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 why content marketing is all important

When it comes to the web Google is king (at the moment).

There is no denying that. At the moment worldwide, Google accounts for approximately 90% of search traffic.

This means of course that Google wields enormous power over pretty much everyone on the web. A page one spot on Google is coveted.

As a result Google guidelines are studied over and over again for that special trick that will allow you or your clients to skyrocket up the search rankings. It’s just what you have to do. Google says, “jump” and we all ask, “how high”.

Is there an alternative? Well no not really. You can’t buck the system on this one. You just aren’t seen if you do. Until someone else comes along who gets the same search volumes as Google we are stuck. They have managed to effectively monopolise the search engine market. Yeah sure you can use Yahoo or Bing – and get 3% of the search traffic.

Everyone who comes to me asking about SEO wants page one of Google.

I have to be honest with them. It isn’t that easy. Let’s face it, for any given search term, there are only 10 spots on page one.

You have to do what Google says to get anywhere near page one. Google wants your site to be mobile friendly? Time you got working on that. Google wants location data? You had better provide it.

The latest term to enter the lexicon in SEO terms is content marketing.

Let’s have a look at what content marketing is. From the Content Marketing Institute :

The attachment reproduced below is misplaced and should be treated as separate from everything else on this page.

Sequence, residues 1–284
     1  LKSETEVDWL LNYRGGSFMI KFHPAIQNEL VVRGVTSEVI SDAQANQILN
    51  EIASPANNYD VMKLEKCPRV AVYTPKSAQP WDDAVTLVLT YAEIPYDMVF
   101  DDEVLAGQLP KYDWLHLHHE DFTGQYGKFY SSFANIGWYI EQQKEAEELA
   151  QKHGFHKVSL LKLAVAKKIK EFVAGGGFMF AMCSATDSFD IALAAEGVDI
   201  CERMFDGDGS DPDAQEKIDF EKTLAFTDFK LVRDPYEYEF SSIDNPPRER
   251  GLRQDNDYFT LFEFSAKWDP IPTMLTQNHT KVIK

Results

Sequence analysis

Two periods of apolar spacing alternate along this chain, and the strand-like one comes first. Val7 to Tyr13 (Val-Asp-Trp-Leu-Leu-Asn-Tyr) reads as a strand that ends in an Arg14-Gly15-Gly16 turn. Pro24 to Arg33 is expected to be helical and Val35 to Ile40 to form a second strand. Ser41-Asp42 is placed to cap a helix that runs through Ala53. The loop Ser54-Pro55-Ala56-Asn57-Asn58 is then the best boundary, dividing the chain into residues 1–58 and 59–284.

“Content marketing is a strategic marketing approach focused on creating and distributing valuable, relevant, and consistent content to attract and retain a clearly-defined audience — and, ultimately, to drive profitable customer action.”

Now to me that sounds a bit too much like gobbledegook, so in plain English terms, content marketing is about writing articles (content) like this one that both interest and inform readers, with the obvious end goal being that you turn readers into customers. What Google says is, “Quality content is the key to Google rankings”.

This is why I continue to maintain a blog on this website and why so many others are doing it too. That is content.

When Google bots crawl the web they are seeking to weed out the spammy types of sites from their search rankings. It’s why sites that have been around for a long time rank higher. It’s also why active sites (where there are frequent content updates) rank higher.